In doing some research for this blog, it became overwhelming apparent that inattentive driving is the primary cause of car accidents among teens. In fact, approximately 16% of all teen traffic accident fatalities of drivers under the age of 20 are the result of distracted driving. According to DMV.org, 80% of crashes involve distraction for three seconds or less before impact. I don’t think any of us have not thought to ourselves at some point, “That kind of thing only happens to other people.” It’s only after getting a couple of tickets or involved in a fender bender or two that we learn that it’s just a matter of statistics before it happens to us, and if we come out of a situation like that with only a ticket or a fender bender, we’re darned lucky.
Another major driving issue that teens face is speeding. After dreaming about the day when you finally have control of that 2,000-pound means of transportation with all of its fancy bells and whistles, it’s is easy to get caught up in this new-found power. Unfortunately, this power can result in a lack of restraint that can be devastating. Twenty-one percent of all serious crashes where teen drivers were involved were the result of teens driving too fast for road conditions and not allowing for enough stopping room should an obstacle or incident occur. Additionally, more than one-third of all fatalities that resulted when teens were driving were related to speeding, and many single vehicle accidents involving teen drivers are the result of excessive speed.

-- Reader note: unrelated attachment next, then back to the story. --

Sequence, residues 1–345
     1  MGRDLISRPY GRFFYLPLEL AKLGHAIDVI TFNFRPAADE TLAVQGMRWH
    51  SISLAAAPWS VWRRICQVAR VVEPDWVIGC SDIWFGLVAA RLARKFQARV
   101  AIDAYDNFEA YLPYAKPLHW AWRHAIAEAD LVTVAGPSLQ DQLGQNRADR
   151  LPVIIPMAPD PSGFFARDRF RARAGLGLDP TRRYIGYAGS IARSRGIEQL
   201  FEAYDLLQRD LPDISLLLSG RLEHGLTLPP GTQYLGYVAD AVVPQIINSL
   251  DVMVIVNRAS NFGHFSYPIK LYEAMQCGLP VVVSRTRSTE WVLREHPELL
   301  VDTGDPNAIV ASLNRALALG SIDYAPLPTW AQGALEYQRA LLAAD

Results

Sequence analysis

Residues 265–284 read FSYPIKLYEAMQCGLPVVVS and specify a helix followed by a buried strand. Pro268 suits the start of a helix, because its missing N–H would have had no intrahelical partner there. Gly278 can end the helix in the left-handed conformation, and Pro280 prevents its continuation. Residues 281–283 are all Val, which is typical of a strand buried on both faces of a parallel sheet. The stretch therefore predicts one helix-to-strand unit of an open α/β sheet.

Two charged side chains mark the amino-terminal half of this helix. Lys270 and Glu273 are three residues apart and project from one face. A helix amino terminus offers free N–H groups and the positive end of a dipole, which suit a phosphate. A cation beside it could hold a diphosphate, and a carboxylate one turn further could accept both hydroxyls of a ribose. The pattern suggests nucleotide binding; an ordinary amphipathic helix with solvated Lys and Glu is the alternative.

Now, I have been a traffic ticket attorney for quite some time, and I have had many opportunities to represent teen drivers. I am not singling out teens for any reason other than data shows that younger drivers who are newly licensed have higher rates of car crashes than seasoned drivers.